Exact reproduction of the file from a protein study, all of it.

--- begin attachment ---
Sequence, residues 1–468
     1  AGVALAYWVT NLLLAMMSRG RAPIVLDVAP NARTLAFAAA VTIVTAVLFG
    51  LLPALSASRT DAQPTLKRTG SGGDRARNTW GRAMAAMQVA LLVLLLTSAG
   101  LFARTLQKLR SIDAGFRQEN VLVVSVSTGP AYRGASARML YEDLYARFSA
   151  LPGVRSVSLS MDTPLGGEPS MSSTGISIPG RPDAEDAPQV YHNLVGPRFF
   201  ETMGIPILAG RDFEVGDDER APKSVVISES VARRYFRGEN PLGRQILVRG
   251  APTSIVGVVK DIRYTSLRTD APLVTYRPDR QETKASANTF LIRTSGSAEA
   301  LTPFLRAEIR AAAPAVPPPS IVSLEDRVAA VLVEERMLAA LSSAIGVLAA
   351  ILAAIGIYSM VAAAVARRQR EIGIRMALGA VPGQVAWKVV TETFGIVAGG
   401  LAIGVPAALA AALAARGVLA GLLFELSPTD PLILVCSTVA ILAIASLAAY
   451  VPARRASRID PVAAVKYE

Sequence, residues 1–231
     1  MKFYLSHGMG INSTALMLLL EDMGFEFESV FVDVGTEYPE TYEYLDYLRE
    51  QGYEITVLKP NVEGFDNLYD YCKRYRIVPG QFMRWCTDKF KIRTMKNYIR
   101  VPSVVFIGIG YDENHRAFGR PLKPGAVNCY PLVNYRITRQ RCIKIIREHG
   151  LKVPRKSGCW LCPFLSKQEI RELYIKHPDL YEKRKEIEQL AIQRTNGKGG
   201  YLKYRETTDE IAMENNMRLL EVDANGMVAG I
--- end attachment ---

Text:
Sequence, residues 1–468
     1  AGVALAYWVT NLLLAMMSRG RAPIVLDVAP NARTLAFAAA VTIVTAVLFG
    51  LLPALSASRT DAQPTLKRTG SGGDRARNTW GRAMAAMQVA LLVLLLTSAG
   101  LFARTLQKLR SIDAGFRQEN VLVVSVSTGP AYRGASARML YEDLYARFSA
   151  LPGVRSVSLS MDTPLGGEPS MSSTGISIPG RPDAEDAPQV YHNLVGPRFF
   201  ETMGIPILAG RDFEVGDDER APKSVVISES VARRYFRGEN PLGRQILVRG
   251  APTSIVGVVK DIRYTSLRTD APLVTYRPDR QETKASANTF LIRTSGSAEA
   301  LTPFLRAEIR AAAPAVPPPS IVSLEDRVAA VLVEERMLAA LSSAIGVLAA
   351  ILAAIGIYSM VAAAVARRQR EIGIRMALGA VPGQVAWKVV TETFGIVAGG
   401  LAIGVPAALA AALAARGVLA GLLFELSPTD PLILVCSTVA ILAIASLAAY
   451  VPARRASRID PVAAVKYE

Sequence, residues 1–231
     1  MKFYLSHGMG INSTALMLLL EDMGFEFESV FVDVGTEYPE TYEYLDYLRE
    51  QGYEITVLKP NVEGFDNLYD YCKRYRIVPG QFMRWCTDKF KIRTMKNYIR
   101  VPSVVFIGIG YDENHRAFGR PLKPGAVNCY PLVNYRITRQ RCIKIIREHG
   151  LKVPRKSGCW LCPFLSKQEI RELYIKHPDL YEKRKEIEQL AIQRTNGKGG
   201  YLKYRETTDE IAMENNMRLL EVDANGMVAG I